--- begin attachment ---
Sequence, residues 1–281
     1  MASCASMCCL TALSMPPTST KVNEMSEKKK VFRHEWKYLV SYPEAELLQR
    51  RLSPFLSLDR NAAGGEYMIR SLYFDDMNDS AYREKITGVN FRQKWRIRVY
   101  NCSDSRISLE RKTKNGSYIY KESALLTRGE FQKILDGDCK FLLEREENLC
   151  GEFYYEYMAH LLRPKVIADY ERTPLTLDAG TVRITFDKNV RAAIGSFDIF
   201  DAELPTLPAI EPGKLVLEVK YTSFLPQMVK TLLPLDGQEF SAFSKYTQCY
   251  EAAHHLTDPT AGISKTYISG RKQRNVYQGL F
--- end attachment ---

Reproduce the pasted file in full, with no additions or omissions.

Sequence, residues 1–281
     1  MASCASMCCL TALSMPPTST KVNEMSEKKK VFRHEWKYLV SYPEAELLQR
    51  RLSPFLSLDR NAAGGEYMIR SLYFDDMNDS AYREKITGVN FRQKWRIRVY
   101  NCSDSRISLE RKTKNGSYIY KESALLTRGE FQKILDGDCK FLLEREENLC
   151  GEFYYEYMAH LLRPKVIADY ERTPLTLDAG TVRITFDKNV RAAIGSFDIF
   201  DAELPTLPAI EPGKLVLEVK YTSFLPQMVK TLLPLDGQEF SAFSKYTQCY
   251  EAAHHLTDPT AGISKTYISG RKQRNVYQGL F